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Canadiens Must Adapt To The Climate Of Opponents

Dropping from first to fifth with a single loss seems like an extreme proposition, but that is exactly what happened when the Canadiens fell to the Ottawa Senators 3-0 last night.

The Habs, along with their fans, were riding a euphoric wave with the team in top spot. The loss should be taken in perspective and the desolate knee jerk overreaction needs to be nipped in the bud.

Despite the score, or the shutout, this is one loss that doesn't deserve a doomsayers autopsy.

Things change fast in the cluster standing of the Eastern Conference. The Devils team that the Canadiens undid so neatly just two days ago now finds itself back on top.

Saturday night, with a win against the Islanders, the Canadiens could be right back where they were prior to the drop of the puck on Thursday.

Last night, our red, white, and blue pride found themselves strangled by a pair of goals God himself could not prevent.

Carey Price, for all the accolades thrown upon him, remains mortal. A deflection goal followed by a dubious over the crossbar tip in that seemed to be waved off initially were what sent Montreal in a hole they never dug out of.

What is most disheartening is that the Canadiens cannot seem to beat the Senators this season. Montreal has lost five to Ottawa, a team they have only beaten once this year. The two remaining games between the rivals will go along way towards settling which team takes top honours in the East.

It's not so much that the Habs can't vanquish Ottawa, it's just that they have yet to learn how to.
As with many things when dealing with a young squad, learning to overcome a fierce opponant takes time, patience and steady progression.

Every rival approches battle differently and what works against certain teams doesn't always apply to others.

The Canadiens are a team that utilizes speed as it's main artliary. They force opponants back with their offensive thrust with the goal of creating turnovers, mistakes and penalties that will lead to scoring chances and goals. Their weapons work against the majority of teams because the Canadiens are deeper at most positions that their foes.

It is not uncommon for teams in progression to hit a snag in the form of a team that is capable of disrupting their game flow.

Ottawa does this to the Habs. New Jersey used to have the same effect.

As a team that has gotten where it is by sticking to the notion of playing their own game and forcing the opponant to adjust, Montreal must now learn how to bring to their game an extra added dimension. Against Ottawa, a team they match well against, the Canadiens need to employ different tactics. They need to divert the Senators focus and upset their method of doing things.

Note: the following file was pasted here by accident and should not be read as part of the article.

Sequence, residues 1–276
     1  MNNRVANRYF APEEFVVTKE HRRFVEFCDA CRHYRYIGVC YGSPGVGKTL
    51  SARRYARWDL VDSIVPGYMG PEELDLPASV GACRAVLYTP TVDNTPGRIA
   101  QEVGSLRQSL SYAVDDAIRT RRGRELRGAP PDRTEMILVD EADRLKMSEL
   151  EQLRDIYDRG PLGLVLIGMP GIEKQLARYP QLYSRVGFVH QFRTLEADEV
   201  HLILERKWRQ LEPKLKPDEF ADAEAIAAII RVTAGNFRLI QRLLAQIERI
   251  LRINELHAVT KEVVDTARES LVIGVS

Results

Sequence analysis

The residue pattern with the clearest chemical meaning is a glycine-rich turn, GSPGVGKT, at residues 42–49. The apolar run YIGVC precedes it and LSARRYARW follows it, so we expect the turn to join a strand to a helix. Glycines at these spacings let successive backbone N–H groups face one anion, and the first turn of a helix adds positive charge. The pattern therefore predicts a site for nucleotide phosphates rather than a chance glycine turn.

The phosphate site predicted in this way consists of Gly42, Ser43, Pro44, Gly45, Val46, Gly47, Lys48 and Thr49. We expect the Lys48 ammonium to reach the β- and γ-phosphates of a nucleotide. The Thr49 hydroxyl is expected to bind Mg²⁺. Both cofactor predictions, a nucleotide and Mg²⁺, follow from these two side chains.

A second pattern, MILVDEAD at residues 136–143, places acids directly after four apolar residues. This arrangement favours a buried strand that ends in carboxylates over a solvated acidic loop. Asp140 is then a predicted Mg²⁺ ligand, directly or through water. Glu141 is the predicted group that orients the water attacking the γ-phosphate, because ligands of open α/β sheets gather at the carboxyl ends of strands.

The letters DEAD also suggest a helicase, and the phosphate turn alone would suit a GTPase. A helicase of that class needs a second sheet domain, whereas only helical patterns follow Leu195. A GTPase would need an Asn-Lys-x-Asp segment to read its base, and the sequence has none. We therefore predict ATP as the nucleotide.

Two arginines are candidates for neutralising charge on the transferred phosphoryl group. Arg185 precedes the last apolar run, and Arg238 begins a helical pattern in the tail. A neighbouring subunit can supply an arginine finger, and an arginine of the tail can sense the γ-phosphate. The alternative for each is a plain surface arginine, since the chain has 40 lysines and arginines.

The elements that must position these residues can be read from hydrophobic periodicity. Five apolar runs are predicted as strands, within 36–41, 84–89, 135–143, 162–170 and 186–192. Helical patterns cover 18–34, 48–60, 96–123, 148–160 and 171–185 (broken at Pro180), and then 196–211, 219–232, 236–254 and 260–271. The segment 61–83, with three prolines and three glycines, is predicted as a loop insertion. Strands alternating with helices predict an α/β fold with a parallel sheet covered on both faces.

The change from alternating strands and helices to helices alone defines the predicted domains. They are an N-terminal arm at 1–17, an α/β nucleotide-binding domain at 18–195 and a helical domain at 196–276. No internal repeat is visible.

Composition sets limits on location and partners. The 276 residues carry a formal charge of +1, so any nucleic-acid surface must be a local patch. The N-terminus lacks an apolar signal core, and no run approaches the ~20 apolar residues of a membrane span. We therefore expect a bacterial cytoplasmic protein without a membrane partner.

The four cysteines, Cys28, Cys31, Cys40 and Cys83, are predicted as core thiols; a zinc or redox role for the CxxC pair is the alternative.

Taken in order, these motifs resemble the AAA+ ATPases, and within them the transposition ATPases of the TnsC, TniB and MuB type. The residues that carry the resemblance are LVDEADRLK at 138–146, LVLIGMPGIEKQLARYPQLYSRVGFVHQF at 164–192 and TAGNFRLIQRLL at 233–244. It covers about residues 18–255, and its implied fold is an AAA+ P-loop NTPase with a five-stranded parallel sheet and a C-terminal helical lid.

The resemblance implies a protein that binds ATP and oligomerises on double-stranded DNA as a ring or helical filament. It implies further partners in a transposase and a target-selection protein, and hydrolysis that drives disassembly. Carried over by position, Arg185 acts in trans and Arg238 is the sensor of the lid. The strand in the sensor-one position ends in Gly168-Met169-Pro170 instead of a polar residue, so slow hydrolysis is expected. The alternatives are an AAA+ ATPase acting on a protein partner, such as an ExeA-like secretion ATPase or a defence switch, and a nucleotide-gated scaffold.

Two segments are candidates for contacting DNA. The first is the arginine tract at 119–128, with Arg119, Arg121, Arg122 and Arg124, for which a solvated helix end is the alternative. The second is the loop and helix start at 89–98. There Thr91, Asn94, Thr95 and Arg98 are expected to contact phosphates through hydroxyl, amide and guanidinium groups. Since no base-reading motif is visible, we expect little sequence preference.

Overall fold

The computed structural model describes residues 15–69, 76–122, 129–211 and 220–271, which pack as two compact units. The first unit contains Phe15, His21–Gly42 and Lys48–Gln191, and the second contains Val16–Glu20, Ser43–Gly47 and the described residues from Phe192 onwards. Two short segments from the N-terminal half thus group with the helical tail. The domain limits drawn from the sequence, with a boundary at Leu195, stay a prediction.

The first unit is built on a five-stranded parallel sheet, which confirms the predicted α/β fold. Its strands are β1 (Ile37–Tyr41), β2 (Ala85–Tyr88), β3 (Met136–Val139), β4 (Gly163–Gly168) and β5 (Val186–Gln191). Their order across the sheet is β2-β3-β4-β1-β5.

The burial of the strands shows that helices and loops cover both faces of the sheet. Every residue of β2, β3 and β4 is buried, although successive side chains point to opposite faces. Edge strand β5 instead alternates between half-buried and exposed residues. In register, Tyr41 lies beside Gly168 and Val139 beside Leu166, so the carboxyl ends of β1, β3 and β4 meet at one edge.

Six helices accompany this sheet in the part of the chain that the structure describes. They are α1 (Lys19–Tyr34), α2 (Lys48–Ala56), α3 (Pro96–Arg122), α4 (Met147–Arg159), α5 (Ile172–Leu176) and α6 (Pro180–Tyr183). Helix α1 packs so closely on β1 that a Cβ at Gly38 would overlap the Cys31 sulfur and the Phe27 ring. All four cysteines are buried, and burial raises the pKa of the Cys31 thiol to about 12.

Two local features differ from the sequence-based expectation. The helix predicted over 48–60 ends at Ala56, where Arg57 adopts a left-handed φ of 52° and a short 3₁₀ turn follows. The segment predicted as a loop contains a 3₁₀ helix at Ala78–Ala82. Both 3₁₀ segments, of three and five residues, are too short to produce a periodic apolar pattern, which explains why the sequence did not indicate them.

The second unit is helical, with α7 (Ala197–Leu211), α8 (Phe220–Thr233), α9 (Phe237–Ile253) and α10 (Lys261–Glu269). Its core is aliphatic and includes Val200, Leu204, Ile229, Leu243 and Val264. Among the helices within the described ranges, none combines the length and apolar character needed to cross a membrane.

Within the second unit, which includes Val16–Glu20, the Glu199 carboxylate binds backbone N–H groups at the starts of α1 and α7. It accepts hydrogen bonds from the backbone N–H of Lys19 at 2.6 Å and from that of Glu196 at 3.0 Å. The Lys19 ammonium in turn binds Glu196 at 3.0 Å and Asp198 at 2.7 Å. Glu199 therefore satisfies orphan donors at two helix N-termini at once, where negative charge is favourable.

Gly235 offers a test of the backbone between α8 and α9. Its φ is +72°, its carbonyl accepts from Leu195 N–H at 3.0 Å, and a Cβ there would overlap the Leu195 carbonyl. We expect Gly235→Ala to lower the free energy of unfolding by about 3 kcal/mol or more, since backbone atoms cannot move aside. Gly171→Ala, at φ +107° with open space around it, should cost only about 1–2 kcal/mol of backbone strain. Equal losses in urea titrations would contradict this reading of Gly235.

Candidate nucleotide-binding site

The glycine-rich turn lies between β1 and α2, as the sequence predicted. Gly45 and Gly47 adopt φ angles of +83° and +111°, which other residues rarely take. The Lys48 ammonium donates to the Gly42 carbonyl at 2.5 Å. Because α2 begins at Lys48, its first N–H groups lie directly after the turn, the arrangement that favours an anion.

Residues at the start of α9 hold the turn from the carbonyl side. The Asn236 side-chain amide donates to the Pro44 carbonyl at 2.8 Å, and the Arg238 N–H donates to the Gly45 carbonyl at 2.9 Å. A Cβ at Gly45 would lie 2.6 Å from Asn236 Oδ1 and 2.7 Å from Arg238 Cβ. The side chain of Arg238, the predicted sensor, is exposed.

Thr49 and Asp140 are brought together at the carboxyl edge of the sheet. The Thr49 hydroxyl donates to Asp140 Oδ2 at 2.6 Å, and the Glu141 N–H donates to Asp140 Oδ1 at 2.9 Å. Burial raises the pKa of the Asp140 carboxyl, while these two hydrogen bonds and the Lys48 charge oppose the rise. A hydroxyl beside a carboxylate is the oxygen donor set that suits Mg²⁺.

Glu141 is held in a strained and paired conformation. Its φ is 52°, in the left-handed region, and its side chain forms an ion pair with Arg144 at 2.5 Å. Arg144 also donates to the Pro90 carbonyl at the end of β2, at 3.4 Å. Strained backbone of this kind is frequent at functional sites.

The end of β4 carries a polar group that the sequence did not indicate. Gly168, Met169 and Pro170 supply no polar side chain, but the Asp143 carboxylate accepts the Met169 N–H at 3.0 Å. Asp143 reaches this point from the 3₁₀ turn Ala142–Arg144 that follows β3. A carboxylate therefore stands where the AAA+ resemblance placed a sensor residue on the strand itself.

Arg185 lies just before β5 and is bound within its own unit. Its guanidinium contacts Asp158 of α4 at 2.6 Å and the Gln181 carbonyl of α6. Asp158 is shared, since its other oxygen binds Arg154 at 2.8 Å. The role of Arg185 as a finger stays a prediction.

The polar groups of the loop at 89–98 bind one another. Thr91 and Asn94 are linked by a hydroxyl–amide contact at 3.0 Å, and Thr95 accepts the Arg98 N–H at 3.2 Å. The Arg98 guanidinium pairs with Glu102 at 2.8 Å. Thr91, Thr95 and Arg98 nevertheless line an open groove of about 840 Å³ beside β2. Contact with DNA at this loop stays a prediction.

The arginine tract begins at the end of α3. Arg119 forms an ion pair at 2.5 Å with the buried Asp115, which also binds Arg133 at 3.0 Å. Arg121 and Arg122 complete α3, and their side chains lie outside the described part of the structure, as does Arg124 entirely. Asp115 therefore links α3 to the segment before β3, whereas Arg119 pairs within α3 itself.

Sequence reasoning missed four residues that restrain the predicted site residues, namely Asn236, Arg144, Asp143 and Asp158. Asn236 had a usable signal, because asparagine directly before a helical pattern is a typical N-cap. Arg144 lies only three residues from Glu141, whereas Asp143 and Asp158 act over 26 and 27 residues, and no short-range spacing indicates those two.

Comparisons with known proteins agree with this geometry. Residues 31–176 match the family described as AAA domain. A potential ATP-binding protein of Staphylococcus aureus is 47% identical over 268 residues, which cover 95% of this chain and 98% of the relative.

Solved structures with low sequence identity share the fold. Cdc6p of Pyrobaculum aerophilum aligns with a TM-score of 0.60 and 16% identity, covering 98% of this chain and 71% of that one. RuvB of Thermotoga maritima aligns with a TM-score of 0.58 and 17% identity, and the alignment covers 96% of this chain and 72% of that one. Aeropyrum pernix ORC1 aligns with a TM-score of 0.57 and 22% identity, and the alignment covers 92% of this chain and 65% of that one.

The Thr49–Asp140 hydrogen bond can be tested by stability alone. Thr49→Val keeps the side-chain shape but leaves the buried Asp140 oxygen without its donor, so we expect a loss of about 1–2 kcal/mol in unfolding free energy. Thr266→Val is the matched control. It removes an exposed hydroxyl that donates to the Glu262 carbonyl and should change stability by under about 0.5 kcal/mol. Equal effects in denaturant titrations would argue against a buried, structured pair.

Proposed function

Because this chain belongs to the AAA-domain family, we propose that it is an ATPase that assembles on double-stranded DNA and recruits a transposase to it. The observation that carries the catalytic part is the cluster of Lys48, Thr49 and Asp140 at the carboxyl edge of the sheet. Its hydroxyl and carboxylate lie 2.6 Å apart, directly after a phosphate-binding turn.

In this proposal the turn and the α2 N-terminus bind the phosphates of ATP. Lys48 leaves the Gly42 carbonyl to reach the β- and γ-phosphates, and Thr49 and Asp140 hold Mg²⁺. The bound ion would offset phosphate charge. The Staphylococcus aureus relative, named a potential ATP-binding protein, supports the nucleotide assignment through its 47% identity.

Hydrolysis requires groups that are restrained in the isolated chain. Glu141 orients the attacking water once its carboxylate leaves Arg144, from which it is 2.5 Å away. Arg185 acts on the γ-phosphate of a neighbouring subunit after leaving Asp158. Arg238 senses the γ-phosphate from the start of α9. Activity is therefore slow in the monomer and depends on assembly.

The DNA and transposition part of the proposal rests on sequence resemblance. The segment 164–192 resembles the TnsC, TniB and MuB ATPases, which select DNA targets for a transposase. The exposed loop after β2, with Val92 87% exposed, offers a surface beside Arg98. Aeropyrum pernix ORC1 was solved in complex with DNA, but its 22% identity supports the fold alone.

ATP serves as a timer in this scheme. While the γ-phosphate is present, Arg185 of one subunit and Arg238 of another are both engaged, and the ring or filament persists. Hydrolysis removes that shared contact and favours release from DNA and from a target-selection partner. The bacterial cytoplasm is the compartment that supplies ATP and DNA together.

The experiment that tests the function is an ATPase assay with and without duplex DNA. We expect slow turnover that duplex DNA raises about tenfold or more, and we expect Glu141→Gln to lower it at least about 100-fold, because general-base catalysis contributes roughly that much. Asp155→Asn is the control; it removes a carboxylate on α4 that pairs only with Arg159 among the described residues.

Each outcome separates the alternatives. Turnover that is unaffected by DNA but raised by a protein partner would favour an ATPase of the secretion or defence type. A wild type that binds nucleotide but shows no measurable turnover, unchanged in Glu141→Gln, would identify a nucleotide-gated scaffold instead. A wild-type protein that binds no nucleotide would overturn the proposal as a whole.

Last night the Canadiens weren't dominated by a large margin of shots on goal. They actually outshot Ottawa 28-24. The Senators best defensive pairings blocked an additional 24 Habs shots. The Senators led with 17 shots fired wide, to the Canadiens six. In the hits department, the Canadiens had the upper hand as well, 33-23, with 6 credited to the Sens' Mike Fisher.

Montreal won 57% of the faceoffs as well, a number above their normal rate of performance.
The difference on the scoreboard at the end of the game was the only place where the Ottawa showed supremacy. It reflected their 2 power play goals from three shots taken during five man advantages. The Canadiens shot seven times during four chances and couldn't find the mark.

What the Habs failed to do last night was compete heartily in the emotional department. With Ottawa gaining an early edge they systematically shut down the Canadiens with low risk plays and positional poise. They took no chances from the time it was 1-0, and the Canadiens sadly fell asleep.

The Canadiens rarely crowded the crease after shots or before them. They didn't hit as often as they had the chance to and when they did it was often a polite "just doing my job" kind of bump.

I didn't see the face wash gloves come up - a great and useful tactic in frustrating opponants that goes uncalled 99% of the time. Chris Neil was absent to police the proceedings yet Montreal did nothing to get under Daniel Alfredsson's skin. They did little all game long to disturb, upset, irritate, provoke, or inspire Ottawa to become unglued.

Players such as Wade Redden, Jason Spezza, and Fisher are easily rattled this way, but the Habs let them be. Ottawa were able to implement their game with ease, as their lines were rolled with hardly a disruption.

Meanwhile, the Canadiens continued on, trying to play their game against Ottawa, long after the contest seemed settled. Perhaps the Habs were fearful of taking penalties, but you can't approach a game with such fears and expect to compete.

Where was the size and command from Mike Komisarek and Ryan O`Byrne? Where was the usual grittiness deployed by Saku Koivu, Chris Higgins, Francis Bouillon, Tom Kostopoulos, Guillaume Latendresse and Maxim Lapierre?

The Habs seemed to throw all their hopes in the Alex Kovalev line's efforts and Carey Price stopping the Ottawa big three.

What I'm most anxious for, is the return to the lineup of Steve Begin, who surely wouldn't tolerate such a lowering of arms in battle. Begin would've been eating the boards wood to get at the Senators last night, and the team misses him big time.

The Canadiens have accomplished a large amount of experience growth this season. They have done it to the general surprise of many teams in the league who are now coming prepared to thwart what the Habs do best.

The recipe for winning at this time of the year changes, and it often depends on whether a team can adapt it's game to suit an opponant. Simply settling on being an offensive machine won't cut it.

This young team must now adjust.